1. As research for a novel I’ve been working on, I’ve been reading segments of dentist Weston Price’s 1938 tome, Nutrition and Physical Degeneration, in which he discusses his research into local diets and teeth around the world. This week, I’ve been squinting at a blurry picture of Mrs. Price standing among Egyptian ruins with camels, and rereading Price’s brief discussion of how camel milk was essential to a healthy Egyptian diet.
2. TaraShea Nesbit’s The Wives of Los Alamos is a sort of Greek chorus of women narrating their life in New Mexico while their husbands secretly build the atomic bomb.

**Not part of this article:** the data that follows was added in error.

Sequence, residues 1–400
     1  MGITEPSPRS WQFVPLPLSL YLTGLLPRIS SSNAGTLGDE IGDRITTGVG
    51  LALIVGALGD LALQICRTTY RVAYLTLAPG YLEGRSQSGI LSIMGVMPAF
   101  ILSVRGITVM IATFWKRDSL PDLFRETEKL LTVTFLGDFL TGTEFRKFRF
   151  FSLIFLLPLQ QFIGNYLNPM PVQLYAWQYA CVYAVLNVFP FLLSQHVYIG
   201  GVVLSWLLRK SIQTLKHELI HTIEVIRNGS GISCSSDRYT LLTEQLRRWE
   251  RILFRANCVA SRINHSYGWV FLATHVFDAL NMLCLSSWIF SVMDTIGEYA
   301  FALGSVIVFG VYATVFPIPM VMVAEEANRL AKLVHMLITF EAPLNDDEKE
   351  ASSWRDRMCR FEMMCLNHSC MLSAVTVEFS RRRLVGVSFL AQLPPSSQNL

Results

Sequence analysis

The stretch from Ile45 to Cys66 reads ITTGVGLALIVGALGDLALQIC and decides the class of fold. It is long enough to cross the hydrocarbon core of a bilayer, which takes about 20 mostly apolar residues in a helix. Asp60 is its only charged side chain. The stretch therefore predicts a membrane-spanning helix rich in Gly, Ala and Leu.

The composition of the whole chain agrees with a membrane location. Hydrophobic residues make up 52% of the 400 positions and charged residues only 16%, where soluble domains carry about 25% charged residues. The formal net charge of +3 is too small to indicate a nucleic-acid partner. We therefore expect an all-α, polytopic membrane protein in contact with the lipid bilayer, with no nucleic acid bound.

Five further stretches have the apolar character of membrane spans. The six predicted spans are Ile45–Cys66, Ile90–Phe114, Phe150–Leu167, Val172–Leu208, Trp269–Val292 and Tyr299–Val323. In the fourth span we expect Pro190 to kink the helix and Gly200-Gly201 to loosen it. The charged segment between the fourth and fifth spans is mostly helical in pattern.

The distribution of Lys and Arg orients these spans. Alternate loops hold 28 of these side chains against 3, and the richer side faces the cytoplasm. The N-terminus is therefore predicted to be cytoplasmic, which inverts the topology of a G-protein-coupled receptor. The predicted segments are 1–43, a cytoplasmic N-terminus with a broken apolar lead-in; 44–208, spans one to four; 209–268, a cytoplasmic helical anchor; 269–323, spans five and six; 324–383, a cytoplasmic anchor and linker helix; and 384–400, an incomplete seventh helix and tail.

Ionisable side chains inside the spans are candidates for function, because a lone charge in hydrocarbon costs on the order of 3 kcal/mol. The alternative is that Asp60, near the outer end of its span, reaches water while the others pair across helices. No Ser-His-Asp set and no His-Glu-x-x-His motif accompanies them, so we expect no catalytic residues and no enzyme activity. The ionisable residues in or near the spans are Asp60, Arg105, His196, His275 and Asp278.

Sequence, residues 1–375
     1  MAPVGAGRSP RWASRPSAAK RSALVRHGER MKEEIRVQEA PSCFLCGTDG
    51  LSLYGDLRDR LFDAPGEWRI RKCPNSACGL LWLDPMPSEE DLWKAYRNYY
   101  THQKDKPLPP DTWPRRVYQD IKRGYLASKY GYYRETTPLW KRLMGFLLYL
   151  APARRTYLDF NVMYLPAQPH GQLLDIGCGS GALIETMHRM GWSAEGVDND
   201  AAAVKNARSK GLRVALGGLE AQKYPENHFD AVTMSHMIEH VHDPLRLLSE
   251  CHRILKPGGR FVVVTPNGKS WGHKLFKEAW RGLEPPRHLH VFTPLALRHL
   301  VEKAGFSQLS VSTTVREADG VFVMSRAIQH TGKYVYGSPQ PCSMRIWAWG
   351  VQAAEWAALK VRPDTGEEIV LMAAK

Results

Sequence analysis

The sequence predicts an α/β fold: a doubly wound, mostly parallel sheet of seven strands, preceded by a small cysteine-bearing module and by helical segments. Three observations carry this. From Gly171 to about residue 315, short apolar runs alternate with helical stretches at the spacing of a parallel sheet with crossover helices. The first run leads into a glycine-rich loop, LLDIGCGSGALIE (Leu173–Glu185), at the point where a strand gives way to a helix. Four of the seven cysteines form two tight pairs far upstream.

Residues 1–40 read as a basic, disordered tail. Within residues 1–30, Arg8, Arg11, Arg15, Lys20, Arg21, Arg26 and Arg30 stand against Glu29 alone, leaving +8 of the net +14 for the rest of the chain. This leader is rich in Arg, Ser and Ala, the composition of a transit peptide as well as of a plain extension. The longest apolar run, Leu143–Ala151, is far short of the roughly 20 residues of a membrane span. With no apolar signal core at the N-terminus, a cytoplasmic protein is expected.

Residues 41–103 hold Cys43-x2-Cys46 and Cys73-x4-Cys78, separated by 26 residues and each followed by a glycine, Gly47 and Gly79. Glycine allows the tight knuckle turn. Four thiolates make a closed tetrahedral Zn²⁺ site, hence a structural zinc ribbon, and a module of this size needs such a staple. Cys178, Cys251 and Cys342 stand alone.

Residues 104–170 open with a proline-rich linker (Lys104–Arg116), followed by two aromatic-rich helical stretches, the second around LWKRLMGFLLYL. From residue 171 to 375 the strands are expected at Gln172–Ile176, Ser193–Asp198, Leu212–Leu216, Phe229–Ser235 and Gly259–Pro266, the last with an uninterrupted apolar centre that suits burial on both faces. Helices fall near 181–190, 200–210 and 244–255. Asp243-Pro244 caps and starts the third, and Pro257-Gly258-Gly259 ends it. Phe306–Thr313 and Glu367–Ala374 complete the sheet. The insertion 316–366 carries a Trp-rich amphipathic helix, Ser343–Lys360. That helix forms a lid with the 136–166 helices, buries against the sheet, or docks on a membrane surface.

3. Ander Monson’s Neck Deep and Other Predicaments presents essays in surprising forms, like an essay on snow with a page snowed full of ellipses.
4. I’ve been wandering through T. Fleischmann’s Syzygy, Beauty, a long essay in lyrical snippets. I like hearing the word “syzygy” in my head, over and over.
5. My whimsy of choice has been Aleksandra Mizielinska and Daniel Mizielinski’s Maps, a book of maps with illustrated factoids including the animals that live in each country, types of foods eaten there, and common children’s names.
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